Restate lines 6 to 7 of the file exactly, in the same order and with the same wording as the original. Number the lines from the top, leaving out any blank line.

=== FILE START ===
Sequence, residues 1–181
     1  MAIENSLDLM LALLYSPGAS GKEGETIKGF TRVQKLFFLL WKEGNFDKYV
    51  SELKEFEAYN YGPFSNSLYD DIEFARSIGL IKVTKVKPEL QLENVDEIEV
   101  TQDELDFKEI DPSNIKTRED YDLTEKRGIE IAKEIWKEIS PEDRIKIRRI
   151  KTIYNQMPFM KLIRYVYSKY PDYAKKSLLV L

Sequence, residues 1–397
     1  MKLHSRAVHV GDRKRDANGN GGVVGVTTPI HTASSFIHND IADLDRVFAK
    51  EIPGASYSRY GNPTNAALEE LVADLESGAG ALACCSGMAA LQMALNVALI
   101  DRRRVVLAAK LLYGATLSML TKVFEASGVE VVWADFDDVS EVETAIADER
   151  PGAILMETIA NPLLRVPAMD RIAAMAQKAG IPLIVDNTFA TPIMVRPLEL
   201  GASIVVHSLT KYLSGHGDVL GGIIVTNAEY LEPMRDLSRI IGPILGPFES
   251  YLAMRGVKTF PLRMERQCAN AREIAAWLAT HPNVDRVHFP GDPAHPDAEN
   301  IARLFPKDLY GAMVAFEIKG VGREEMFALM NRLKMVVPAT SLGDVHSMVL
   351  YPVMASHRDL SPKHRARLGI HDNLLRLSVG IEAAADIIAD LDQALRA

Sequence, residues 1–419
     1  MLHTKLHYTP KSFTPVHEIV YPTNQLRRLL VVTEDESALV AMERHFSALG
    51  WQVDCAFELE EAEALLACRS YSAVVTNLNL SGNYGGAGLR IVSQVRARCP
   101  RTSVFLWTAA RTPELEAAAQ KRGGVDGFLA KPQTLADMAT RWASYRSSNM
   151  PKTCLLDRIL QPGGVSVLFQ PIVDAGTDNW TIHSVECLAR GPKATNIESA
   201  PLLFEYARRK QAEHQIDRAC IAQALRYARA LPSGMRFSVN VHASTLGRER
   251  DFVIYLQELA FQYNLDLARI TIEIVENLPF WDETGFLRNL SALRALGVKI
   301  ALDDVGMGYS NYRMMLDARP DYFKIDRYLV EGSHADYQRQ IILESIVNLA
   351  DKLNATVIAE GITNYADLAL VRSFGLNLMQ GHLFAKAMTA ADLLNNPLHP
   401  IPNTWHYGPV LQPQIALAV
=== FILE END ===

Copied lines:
Sequence, residues 1–397
     1  MKLHSRAVHV GDRKRDANGN GGVVGVTTPI HTASSFIHND IADLDRVFAK